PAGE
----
Syrian rebels temporarily seized control of the Quneitra crossing between Israel and Syria on June 6, spurring Austria to withdraw all of its 380 peacekeepers stationed in the Golan Heights. Vienna attributed its decision to vacate the buffer zone, where international forces have been stationed since the 1974 armistice, to the escalating regional violence. Last Thursday’s rebel attack sent the roughly 1,000 UN forces fleeing for their bunkers and injured two peacekeeping troops before the Syrian army recaptured the area.
The four-week withdrawal of Austrian forces will leave the United Nations Disengagement Observer Force (UNDOF) with less than half the troops it possessed a year ago. Austrian Chancellor Werner Faymann supported the controversial decision, saying, “We never could have and would never have wanted to take on a military mission to mediate or intervene between the opposition rebels and governmental troops.” Japan and Croatia also withdrew their presence as the fighting intensified in recent months, further diminishing the precarious security buffer.
A UN peacekeeper from the UNDOF force looks through binoculars as he guards on a watch tower at the Quneitra Crossing between Syria and the Golan Heights, Friday, March 8, 2013. (Photo: AP)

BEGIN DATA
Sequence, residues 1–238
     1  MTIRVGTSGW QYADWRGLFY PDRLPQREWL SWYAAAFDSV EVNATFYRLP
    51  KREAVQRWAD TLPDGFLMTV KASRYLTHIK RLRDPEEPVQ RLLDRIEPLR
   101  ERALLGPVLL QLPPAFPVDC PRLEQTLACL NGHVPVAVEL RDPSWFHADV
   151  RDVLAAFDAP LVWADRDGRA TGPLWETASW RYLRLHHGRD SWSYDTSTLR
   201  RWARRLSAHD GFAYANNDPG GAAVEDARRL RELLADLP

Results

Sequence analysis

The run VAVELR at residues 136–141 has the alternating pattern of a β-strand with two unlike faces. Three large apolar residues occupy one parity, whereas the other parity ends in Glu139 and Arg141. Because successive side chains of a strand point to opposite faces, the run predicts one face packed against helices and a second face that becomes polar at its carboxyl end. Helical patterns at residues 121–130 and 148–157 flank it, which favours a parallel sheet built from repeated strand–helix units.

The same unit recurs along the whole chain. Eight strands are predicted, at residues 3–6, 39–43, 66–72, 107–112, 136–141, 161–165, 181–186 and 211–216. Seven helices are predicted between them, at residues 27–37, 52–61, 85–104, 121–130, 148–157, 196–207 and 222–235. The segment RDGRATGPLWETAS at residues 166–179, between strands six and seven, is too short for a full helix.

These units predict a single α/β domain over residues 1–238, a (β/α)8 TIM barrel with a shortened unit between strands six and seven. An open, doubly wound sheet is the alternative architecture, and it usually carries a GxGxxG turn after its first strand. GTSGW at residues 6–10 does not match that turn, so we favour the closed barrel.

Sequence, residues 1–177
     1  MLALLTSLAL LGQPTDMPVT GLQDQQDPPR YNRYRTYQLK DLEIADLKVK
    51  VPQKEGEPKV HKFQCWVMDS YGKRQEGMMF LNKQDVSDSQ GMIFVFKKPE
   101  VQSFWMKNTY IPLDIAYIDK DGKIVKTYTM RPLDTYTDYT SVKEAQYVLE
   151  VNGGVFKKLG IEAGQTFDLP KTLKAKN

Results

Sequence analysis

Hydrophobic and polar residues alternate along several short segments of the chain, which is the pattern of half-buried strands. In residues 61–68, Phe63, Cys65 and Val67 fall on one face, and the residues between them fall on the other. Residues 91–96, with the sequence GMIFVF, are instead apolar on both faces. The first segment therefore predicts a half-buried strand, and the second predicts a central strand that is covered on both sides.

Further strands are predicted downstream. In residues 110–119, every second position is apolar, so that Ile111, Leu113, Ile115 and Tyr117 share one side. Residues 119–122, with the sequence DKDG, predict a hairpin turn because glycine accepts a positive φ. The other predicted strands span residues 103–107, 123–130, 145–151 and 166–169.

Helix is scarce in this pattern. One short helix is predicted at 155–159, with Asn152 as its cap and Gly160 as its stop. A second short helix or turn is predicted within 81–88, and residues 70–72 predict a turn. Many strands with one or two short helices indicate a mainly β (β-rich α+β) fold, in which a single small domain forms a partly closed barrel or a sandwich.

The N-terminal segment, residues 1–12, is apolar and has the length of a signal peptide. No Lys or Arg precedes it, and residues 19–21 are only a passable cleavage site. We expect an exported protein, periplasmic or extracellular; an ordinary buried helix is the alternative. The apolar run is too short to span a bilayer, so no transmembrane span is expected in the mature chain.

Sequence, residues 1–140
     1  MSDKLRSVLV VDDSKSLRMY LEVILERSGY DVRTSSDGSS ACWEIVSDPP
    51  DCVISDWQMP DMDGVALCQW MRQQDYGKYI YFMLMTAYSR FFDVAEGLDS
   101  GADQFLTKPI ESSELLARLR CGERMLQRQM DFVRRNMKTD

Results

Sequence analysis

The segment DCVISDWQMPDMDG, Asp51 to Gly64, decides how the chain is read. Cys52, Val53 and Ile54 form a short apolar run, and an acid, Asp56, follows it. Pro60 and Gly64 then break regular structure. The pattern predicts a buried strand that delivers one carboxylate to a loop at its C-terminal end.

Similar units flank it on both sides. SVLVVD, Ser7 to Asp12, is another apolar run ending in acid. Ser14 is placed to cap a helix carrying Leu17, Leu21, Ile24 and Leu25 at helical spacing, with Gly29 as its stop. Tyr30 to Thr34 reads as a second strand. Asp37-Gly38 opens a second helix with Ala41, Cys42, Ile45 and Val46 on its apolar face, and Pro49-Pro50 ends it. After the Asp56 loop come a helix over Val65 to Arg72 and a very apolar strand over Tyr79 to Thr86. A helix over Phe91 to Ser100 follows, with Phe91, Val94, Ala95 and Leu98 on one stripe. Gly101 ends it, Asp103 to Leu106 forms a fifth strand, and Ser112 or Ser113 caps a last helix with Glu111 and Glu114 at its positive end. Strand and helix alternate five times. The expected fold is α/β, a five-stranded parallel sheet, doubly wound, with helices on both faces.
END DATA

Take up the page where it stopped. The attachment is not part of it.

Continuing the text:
Following the rebel forces’ abduction of four Filipino peacekeepers patrolling the border in May, the Quneitra attack has compelled the UN to request additional troop contributions from the Philippines and India and to look to other countries for reinforcements. However, the UN rejected Russian President Vladimir Putin’s offer to “replace the leaving Austrian contingent” on the grounds that the 1974 armistice prohibited permanent UN Security Council members from supplying peacekeepers. Moscow’s continuing support for the Assad regime, through weapons shipments justified as existing contracts, such as the S-300 surface-to-air missiles and sale of MiG-29 fighter jets, cast further doubts on Russia’s ability to be a force for stability.
Prime Minister Benjamin Netanyahu expressed Israel’s sentiments over the mounting tension along the border. “The crumbling of the UN force on the Golan Heights underscores the fact that Israel cannot depend on international forces for its security,” he said at a June 9 cabinet meeting. He insisted such forces “cannot be the basic foundation of Israel’s security.” Israel condemned the Austrian withdrawal, claiming it undermined the international organization’s authority in the Syrian conflict and damaged the Security Council’s ability to help facilitate future Israeli-Palestinian resolutions.